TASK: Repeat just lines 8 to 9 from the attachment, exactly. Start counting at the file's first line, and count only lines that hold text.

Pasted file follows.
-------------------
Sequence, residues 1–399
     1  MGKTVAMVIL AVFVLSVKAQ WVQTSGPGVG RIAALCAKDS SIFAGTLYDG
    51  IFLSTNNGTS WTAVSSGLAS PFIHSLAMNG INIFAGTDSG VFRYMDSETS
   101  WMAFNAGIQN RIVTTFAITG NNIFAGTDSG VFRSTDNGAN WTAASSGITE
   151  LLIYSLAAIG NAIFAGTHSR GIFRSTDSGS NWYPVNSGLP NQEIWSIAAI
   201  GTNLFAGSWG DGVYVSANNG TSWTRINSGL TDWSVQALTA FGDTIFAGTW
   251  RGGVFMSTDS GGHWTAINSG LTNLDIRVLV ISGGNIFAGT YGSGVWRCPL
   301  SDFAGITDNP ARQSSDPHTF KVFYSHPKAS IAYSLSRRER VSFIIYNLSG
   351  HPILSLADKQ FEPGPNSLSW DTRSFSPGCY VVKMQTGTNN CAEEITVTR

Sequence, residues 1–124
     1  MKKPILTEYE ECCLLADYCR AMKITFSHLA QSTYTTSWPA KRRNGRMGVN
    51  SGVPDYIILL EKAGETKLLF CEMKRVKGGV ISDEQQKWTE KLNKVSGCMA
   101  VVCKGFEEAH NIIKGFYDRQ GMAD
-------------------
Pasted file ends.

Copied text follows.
   301  SDFAGITDNP ARQSSDPHTF KVFYSHPKAS IAYSLSRRER VSFIIYNLSG
   351  HPILSLADKQ FEPGPNSLSW DTRSFSPGCY VVKMQTGTNN CAEEITVTR